Our travelling Advent Calendar

Anyone who knows Cass knows that he’s not that into Christmas. Before we had kids, we just took it as time to spend with family and ignored the rest of it. Since the kids have been born, he’s had to relinquish some of his grinchyness, and I’ve taken it upon myself to keep some fun and magic alive for the kids at Christmas time.

While we have no religious connection to Christmas, for me it’s still a special time at the end of the year where you can take some time out from normality to enjoy the company of loved ones and reflect on what the year has meant to us. In Australia our Christmas fun usually means a tree made from the branch of a eucalypt with handmade decorations and lots of social gatherings. The kids always beg me for a chocolate advent calendar (and I always cave in).

This year we are travelling. It’s now 21 days until Christmas and we still don’t know exactly where we’ll be. (How exciting?!) I’ve been thinking a lot about how to incorporate some Christmas fun into our travelling. Without descending into materialism or sugar-induced peaks and troughs, I wanted to have an advent calendar of sorts that would fit in my suitcase and wouldn’t be about more plastic crap.

Some of my friends and family over the years have created the most beautiful advent calendars, crafted with care and thought – some sewn, some painted. I love to make things as much as anyone, but I needed something compact and portable.

So this is what I’ve come up with.

The kids each have a small envelope. Each morning when they wake up, there’s a new note inside. The notes are like vouchers. They can use them whenever they are ready (even after Christmas) and they have written on them some of the things the kids love to do, but they don’t always get the chance. They are both different so they can also trade them with each other if they want to. The aim is to give them things that bring us together, don’t involve buying a toy, and aren’t all about poor-quality compound chocolate.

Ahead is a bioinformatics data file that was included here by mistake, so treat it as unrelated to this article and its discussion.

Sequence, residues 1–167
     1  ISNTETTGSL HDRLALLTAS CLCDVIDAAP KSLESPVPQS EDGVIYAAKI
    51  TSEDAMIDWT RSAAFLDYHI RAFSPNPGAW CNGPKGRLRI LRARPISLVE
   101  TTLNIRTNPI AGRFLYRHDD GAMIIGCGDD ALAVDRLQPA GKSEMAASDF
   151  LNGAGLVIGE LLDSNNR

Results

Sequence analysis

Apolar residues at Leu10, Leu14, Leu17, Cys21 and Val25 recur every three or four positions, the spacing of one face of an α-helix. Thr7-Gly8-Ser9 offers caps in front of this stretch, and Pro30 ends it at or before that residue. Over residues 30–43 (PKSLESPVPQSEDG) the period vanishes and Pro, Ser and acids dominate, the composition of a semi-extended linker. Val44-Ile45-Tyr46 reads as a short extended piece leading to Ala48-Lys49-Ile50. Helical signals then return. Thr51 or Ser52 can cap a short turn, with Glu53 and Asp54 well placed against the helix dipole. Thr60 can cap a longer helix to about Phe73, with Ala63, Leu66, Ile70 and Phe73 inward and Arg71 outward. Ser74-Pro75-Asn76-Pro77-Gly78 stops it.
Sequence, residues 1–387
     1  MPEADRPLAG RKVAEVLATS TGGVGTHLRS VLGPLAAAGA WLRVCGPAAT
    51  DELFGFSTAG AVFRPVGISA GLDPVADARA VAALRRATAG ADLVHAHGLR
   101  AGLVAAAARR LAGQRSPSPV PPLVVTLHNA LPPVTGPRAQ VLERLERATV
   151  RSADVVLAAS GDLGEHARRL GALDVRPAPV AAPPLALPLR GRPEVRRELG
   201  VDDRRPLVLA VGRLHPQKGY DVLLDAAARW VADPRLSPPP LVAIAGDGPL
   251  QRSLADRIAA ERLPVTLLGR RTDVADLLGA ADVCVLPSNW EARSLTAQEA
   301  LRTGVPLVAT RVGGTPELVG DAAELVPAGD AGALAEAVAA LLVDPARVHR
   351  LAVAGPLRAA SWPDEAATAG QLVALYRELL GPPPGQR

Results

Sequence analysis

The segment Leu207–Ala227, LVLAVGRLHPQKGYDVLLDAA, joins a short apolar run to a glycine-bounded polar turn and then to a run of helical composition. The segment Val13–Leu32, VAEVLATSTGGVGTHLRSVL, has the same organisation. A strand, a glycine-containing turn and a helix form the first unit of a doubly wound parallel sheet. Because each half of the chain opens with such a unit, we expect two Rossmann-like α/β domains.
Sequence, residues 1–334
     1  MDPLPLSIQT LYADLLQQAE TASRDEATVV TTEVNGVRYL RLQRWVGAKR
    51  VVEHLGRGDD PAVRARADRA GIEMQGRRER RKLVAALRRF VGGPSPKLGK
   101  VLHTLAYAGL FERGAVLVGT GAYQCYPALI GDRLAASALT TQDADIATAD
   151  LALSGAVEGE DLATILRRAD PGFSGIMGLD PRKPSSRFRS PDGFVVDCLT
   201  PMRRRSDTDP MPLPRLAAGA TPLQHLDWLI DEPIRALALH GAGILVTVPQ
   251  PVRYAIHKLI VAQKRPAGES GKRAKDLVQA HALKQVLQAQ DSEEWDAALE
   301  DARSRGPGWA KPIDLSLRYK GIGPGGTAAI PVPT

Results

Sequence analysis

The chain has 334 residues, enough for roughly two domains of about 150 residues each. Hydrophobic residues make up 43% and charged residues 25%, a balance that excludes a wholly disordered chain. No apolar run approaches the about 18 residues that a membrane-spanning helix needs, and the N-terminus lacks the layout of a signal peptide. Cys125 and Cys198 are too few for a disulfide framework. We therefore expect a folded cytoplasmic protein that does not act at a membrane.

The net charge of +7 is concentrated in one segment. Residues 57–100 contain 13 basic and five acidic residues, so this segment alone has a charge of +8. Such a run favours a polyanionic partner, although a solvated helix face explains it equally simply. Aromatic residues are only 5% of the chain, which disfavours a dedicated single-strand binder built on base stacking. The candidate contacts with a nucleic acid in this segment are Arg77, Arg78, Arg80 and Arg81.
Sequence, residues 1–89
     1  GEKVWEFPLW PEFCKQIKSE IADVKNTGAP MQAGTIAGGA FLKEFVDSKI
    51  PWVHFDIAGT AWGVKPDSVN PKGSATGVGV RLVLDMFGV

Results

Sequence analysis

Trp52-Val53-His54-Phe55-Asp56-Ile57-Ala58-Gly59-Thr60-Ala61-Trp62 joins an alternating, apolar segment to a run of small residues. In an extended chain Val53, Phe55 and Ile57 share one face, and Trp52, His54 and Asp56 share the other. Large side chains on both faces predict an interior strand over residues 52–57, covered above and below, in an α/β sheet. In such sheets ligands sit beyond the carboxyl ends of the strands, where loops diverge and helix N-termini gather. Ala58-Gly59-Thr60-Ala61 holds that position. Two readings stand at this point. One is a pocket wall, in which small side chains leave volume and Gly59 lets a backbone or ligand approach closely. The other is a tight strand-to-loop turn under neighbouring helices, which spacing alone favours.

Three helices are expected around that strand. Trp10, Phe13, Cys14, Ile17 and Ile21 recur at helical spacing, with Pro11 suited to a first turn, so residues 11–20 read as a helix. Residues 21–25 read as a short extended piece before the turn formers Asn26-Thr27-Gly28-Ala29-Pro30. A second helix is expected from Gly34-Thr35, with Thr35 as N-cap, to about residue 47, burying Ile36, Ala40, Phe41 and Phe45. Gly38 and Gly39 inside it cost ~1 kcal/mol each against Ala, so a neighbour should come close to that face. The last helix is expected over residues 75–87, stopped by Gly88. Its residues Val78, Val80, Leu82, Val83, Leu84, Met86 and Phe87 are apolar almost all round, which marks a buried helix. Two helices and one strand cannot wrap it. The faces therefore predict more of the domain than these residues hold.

Some of the things that have been on the notes so far:

  • Play a game of cards – the idea is that I’ll drop whatever I’m doing to play instead of telling them I’m too busy.
  • Choose what to have for dinner tonight – this is a good one in our family as dinner is a constant source of argument.
  • The parents will cook a fancy breakfast of your choice – they haven’t cashed this one in yet – I’m pretty sure they’ll ask for French Toast.
  • Choose a movie to rent on iTunes for us all to watch together
  • Choose a treat for us all to share at a pastelería

I’m still brainstorming what to put on the rest of them, but I like thinking of the ideas as much as the kids love opening them in the morning.

Yesterday, La Chica said to me, ‘Mum, why haven’t we done this sort of Advent Calendar in Australia? It’s so much better!’

It looks like this might become a tradition that sticks.

An introvert’s guide to meeting people while travelling

So we’ve been in Spain for two months now, and all of us are increasing in language confidence, discovering many new places, and investigating the ins and outs of life in a foreign country.

We’ve slowed down our travel, allowing us to immerse ourselves in each place and really delve into new experiences. This has led to some incredible moments, from a farmer asking us to come and see his baby goats (which the kids got to hold), to the kids being invited to an English Language school for an end of year class party.

All of these experiences have been invaluable. The kids have made some very close friends and it has been hard for them to leave them when we do. Last night ended up in a pile of tears as we left some of their favourite new friends.

What we have found, however, is that we were constantly pushing the kids to step past their comfort limits, when Cass and I were not. ‘Go on, say hello to those kids on the playground’ we urged, however when faced with another adult, we would say ‘hello’ and then just go about our transaction without pushing any further.

It dawned on us one day that we were pushing the kids, and they were having some genuinely profound interactions, while Cass and I were missing out.